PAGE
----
At the time of writing, the United States had a population of more than 317 million. Population density varies immensely between the 50 states that make up the nation: the most densely populated regions are the Atlantic and Pacific coasts, as well as the metropolitan areas in the southern US and in the vicinity of the Great Lakes. The great majority of the population lives in cities and suburbs, with an urbanization rate of 82%. California, the most populous state, is home to some 37 million people, while Wyoming has a population of less than 600,000.
In contrast to some other major expat magnets around the globe, particularly those in Europe and Asia, the US does not currently have the problem of an aging population. The median age in 2013 was 37.2 years – this compares to 45.7 years in Germany and 44.5 years in Hong Kong.
The US does not experience problems with a shrinking population, either. Quite on the contrary: the American population growth rate is high for an industrialized country – although this is mostly not due to a higher fertility rate, but rather to the huge popularity the US enjoys among immigrants and expatriates.
The US Census Bureau does not only determine the size and distribution of the population, but collects data on the racial makeup of the population as well. Race, as defined by the Census Bureau, reflects an individual’s self-identification with any of the racial categories outlined in the census form. These categories are based on social definitions and are not an attempt at biological or genetic definitions. The five broad categories in the 2010 census were:
Individuals can report any combination of races. 2.4% of the population indicated two or more races in the 2010 census. Please note that the large Hispanic or Latino population of the United States does not have its own racial categories, as they can be of any racial or ethnic group. The total percentage of people with Hispanic or Latino roots was 16.9%.
Although the US has a long history of being a very multicultural nation, race issues do unfortunately still exist. We have prepared an overview concerning the topics of racism and xenophobia in a separate article.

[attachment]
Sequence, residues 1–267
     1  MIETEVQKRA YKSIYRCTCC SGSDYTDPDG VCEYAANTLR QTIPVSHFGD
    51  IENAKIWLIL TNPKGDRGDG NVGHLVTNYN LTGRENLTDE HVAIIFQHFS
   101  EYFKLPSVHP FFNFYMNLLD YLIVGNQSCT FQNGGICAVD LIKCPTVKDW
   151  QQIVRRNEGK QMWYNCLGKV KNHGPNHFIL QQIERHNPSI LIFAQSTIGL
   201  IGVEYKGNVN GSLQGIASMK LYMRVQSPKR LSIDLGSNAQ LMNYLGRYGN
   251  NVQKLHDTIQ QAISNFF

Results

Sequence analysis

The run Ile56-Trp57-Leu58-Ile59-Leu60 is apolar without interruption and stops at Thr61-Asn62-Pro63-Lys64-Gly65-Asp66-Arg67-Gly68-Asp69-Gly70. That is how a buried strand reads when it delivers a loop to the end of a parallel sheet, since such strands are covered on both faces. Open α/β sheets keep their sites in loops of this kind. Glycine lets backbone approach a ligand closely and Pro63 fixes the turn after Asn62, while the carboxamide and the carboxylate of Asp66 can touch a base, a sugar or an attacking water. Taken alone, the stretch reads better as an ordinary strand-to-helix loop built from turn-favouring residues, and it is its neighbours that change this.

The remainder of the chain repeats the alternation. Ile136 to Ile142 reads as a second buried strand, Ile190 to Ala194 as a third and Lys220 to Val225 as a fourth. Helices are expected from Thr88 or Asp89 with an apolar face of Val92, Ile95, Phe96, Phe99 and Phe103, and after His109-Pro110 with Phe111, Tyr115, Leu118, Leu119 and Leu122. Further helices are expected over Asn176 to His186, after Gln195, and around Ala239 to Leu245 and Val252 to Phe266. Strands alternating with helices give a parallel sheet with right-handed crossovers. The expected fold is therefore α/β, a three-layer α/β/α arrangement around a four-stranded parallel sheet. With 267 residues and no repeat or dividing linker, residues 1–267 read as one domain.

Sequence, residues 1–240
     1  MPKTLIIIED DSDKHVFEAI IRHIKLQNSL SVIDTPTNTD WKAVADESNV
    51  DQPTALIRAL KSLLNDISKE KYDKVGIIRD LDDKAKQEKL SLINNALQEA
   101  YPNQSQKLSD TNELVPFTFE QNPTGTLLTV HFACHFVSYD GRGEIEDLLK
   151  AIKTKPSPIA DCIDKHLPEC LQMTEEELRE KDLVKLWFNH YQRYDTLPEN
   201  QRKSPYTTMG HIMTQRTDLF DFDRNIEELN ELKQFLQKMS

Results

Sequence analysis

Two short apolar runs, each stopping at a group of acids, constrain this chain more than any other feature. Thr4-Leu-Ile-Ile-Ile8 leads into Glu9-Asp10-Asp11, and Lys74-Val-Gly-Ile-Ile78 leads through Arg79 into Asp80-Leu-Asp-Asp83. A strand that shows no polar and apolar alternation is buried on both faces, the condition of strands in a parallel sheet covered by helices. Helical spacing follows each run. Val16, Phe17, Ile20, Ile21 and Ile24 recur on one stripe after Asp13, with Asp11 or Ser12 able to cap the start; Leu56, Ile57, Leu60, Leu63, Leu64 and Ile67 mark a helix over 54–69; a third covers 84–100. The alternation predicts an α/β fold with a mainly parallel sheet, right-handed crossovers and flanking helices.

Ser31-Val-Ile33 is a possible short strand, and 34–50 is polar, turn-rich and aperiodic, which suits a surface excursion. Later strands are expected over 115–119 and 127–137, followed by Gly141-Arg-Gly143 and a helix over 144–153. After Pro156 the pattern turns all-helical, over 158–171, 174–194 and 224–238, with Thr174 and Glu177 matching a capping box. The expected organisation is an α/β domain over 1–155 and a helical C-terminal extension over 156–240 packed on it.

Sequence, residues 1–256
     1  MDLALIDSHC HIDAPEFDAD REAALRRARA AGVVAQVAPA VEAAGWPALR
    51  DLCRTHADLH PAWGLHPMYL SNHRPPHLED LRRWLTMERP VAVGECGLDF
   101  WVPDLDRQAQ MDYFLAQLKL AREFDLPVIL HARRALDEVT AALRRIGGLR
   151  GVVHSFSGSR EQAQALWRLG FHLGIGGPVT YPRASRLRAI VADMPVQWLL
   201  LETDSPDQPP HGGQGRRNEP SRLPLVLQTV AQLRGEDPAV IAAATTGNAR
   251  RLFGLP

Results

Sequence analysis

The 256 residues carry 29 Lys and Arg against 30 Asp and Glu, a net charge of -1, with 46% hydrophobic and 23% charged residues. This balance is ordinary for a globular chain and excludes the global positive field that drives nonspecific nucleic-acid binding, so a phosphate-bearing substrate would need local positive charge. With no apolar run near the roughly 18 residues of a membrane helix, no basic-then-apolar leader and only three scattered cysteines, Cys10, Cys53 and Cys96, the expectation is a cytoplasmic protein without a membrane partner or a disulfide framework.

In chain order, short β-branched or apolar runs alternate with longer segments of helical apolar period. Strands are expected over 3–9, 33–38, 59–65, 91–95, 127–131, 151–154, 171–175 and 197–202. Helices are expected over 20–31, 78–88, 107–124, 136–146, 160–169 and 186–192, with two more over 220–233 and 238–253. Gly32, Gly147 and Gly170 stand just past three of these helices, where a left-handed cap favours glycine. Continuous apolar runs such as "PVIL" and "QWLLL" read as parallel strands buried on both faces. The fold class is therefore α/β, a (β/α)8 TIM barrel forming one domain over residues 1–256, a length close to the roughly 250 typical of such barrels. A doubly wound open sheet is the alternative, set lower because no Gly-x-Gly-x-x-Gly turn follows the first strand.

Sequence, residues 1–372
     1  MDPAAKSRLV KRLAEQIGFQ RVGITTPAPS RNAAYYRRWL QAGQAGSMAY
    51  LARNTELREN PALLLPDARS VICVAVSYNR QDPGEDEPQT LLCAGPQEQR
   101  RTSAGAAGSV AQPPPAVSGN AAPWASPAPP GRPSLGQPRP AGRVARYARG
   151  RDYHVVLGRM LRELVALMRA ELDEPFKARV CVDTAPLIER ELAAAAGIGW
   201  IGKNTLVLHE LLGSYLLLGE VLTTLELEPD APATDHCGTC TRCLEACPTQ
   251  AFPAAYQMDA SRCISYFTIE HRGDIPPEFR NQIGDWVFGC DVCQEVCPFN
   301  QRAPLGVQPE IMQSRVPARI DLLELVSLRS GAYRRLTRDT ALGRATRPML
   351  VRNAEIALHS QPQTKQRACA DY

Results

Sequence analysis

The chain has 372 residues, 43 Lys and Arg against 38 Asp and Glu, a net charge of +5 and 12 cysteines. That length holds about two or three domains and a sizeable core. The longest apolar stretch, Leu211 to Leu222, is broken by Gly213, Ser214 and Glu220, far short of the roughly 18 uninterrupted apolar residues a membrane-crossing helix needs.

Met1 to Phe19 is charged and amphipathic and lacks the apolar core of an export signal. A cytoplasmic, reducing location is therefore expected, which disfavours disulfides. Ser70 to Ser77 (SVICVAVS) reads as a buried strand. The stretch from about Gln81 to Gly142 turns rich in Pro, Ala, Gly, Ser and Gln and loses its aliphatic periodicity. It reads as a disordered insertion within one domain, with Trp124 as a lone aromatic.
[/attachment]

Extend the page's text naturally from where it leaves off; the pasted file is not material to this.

Apart from age, sex, and race, the Census Bureau collects data on a wide variety of topics including health insurance coverage, computer use, marriage status, language and religious affiliation, to name but a few. Many of these are also of key interest to expatriates and are discussed in their own articles of this expat guide:
As no government agency in the US keeps track of the number of expatriates currently in the country, exact figures on the total expat population are rather hard to come by. However, there are two ways of getting a reasonable approximation of the popularity of the US amongst expats and immigrants from all over the world.
One can consider the number of people without US citizenship in the country (some 21 million in 2011). However, this number obviously includes people that would not be considered expatriates in the most common sense of the term. Alternatively, you can have a look at the numbers of people coming to the US by virtue of temporary worker visas and employment/investment immigrant visas.
Temporary workers and their families made up 5.7% of nonimmigrant admissions to the US in 2012, amounting to a total of some 3 million people. Another 144,000 people were granted employment-based preference (i.e. permanent residency). Diplomatic staff accounted for some 365,000 entries.
Obviously, the above figures cannot account for the number of expatriates already in the country at any given time. However, it is safe to say that no matter where your expat assignment might take you, you will be able to find established expat circles in your vicinity. Our article on major expatriate destinations in the US takes a closer look at the most popular cities amongst expats.
We do our best to keep this article up to date. However, we cannot guarantee that the information provided is always current or complete.